“Patience and long term vision is the key….No trading. No watching charts…Now I don’t recommend you borrow anything to do this and you should only invest what you can afford to lose. Don’t mortgage your house or you deserve everything that is coming to you when the bank comes calling. Do not be an idiot. If you think you’re the exception the percentages say you’re probably not so just put your money in the mattress because it’s a lot safer there. But if you’re willing to have patience and do this the right way, there is a decent chance that you come out ahead in the future.”

“Cryptocurrencies give you the chance to do what venture capitalists do. Up until now it’s been the exclusive right of people with lots and lots of money to invest in early stage companies. But now it’s the little guy’s turn too. The statistics on companies that succeed or fail in a venture capitalist’s portfolio would terrify the average present focused tribe member. 80% fail outright. That’s right. They will be worth zero.”

“Right now coins are starting to split up into three major categories: Currency, Platform, Utility. There is a fourth kind of coin: a security token. In a year or two, people will be overrun with companies putting their shares on the blockchain. But that can’t happen until regulators get out of fear mode and start putting together the right rules for it.”

“Let’s start with the currencies. These are the simplest coins. They’re programmable money. They’re looking to become a medium of exchange for goods and services. Either that or they’re a store of value like gold or silver. Some are deflationary, some inflationary. Some are meant to move fast and others are meant to hold so you can buy things with it later.”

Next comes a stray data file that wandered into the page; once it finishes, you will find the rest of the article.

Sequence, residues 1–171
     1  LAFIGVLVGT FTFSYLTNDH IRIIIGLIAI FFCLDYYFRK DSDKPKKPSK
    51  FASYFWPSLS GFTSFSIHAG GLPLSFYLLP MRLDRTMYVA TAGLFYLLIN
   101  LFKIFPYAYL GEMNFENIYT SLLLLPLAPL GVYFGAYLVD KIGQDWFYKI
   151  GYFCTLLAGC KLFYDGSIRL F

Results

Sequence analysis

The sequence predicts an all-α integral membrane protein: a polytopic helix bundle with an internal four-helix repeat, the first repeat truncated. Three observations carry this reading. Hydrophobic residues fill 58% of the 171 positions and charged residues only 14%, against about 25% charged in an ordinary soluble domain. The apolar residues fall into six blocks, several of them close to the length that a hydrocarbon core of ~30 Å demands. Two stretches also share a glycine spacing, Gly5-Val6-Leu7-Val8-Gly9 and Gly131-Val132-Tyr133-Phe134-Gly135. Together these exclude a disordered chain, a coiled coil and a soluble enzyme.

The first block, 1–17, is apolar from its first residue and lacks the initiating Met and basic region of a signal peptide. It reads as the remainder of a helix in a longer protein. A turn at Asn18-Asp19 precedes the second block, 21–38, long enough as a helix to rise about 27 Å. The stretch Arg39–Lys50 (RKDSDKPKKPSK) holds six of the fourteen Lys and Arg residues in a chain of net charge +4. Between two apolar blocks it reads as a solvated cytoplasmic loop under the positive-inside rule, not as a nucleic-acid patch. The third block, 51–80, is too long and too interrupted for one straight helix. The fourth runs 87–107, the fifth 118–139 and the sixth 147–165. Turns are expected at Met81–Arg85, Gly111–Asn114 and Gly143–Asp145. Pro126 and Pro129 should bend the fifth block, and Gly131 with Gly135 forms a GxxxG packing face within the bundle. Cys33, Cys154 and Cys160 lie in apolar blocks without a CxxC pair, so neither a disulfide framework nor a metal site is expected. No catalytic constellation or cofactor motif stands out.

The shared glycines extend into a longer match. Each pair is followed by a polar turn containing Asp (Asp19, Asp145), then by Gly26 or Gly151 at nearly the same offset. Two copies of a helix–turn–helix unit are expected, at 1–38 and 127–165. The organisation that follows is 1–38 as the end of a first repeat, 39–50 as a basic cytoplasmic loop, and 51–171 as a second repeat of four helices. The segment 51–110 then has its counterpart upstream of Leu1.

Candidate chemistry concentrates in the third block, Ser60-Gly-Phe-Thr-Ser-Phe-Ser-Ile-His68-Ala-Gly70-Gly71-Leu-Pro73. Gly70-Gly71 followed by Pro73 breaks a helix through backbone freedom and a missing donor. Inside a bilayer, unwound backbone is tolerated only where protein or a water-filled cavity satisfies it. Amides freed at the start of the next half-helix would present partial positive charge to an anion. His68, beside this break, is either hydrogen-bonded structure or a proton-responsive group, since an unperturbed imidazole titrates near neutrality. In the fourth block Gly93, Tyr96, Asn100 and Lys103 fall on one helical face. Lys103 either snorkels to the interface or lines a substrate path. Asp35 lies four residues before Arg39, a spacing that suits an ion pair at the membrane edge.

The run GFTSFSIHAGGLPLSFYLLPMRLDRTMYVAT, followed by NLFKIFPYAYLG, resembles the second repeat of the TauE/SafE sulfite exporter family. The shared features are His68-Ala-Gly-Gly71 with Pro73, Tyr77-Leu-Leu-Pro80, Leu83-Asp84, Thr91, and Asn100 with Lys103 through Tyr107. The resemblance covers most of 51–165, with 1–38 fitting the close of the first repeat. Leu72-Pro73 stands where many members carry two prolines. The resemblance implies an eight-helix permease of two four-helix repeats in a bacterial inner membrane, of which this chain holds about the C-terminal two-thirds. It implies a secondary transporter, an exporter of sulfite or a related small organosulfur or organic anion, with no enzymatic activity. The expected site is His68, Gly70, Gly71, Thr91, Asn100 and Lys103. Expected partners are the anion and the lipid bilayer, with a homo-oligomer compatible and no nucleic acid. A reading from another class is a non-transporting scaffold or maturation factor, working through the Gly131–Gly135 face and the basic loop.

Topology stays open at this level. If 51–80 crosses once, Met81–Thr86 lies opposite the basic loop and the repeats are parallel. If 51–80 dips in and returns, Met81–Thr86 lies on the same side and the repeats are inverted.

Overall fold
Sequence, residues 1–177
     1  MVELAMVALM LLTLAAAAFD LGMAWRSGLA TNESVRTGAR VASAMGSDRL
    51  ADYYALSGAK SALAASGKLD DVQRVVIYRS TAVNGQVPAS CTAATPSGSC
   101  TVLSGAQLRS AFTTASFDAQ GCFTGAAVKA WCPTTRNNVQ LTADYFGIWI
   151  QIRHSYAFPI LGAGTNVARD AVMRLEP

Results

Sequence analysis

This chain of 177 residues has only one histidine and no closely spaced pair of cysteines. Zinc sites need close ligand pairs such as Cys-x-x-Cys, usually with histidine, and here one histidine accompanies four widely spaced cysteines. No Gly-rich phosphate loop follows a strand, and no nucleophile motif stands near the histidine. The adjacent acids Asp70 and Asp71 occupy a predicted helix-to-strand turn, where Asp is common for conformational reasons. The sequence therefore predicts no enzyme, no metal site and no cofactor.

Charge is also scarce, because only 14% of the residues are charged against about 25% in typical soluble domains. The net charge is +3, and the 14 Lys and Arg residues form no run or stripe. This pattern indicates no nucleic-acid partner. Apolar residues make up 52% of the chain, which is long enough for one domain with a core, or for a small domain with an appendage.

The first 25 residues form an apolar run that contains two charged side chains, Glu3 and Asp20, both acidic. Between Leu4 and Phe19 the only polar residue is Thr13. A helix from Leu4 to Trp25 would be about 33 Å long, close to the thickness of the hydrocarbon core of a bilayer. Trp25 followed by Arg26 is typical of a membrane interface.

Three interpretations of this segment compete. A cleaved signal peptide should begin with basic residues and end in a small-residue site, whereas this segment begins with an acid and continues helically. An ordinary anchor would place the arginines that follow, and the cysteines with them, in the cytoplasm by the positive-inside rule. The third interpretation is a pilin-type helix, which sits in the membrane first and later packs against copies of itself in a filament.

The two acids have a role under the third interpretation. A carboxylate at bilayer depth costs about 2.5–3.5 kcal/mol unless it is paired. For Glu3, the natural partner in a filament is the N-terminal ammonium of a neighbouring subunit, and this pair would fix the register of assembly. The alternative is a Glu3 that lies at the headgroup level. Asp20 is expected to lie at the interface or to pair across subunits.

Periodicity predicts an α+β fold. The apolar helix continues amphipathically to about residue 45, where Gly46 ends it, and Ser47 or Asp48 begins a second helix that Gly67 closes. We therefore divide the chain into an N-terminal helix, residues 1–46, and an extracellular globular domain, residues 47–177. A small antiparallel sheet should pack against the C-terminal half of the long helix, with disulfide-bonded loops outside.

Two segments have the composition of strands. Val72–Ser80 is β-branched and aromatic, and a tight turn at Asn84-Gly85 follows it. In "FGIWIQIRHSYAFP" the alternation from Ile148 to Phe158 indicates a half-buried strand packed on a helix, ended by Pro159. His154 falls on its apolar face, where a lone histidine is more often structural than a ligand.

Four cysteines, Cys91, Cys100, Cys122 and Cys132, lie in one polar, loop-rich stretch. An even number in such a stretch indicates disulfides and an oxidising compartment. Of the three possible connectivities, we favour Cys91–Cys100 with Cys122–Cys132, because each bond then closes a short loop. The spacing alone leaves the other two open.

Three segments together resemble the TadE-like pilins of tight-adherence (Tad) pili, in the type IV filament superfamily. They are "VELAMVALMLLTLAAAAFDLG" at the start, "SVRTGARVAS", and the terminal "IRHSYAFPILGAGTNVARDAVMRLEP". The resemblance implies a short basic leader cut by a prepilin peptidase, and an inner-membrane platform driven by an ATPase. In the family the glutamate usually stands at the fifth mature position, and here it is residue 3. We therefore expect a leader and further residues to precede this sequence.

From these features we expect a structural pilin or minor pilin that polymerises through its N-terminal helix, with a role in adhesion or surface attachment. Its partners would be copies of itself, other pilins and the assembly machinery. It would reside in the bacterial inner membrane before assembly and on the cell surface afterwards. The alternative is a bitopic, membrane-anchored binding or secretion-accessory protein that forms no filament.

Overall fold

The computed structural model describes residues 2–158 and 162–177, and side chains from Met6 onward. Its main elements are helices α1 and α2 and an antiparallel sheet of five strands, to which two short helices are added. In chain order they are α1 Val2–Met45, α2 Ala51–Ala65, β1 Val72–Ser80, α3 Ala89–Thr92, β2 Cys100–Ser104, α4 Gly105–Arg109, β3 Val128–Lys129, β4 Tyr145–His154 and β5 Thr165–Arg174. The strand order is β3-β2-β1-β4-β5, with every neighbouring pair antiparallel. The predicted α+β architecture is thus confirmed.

Let’s move on to the platforms. This is where things get really interesting. Platform coins are looking to do things that are the sole domain of servers and clouds right now. They want to power decentralized applications, run smart contracts as law and power everything from identities to storage to voting. The platforms have the longest way to go. They have to solve incredibly challenging scaling problems, maintain security, create whole new programming languages and deliver a fantastic user experience. None of this is easy. It will take time. But these platforms are the foundation of the decentralized internet of the future.”

“The last choices are utility coins. These are the hardest to pick. The problem with most utility coins is they have no utility. You’re supposed to use these coins to consume services like identity lookups or decentralized DNS lookups but there is no platform to use these coins yet, so they’re some of the riskiest because they have to survive long enough to service the dominant platforms. By the time that happens those services might already be incorporated into the platforms or get up and running for free. This should be the smallest portion of your bag. Expect utility coins to make up a significant portion of the post dot-com crypto bubble burst list.”

“However one style of utility coin is here to stay: Fintech coins. These are coins that are designed to move money around the world for major institutions like banks.”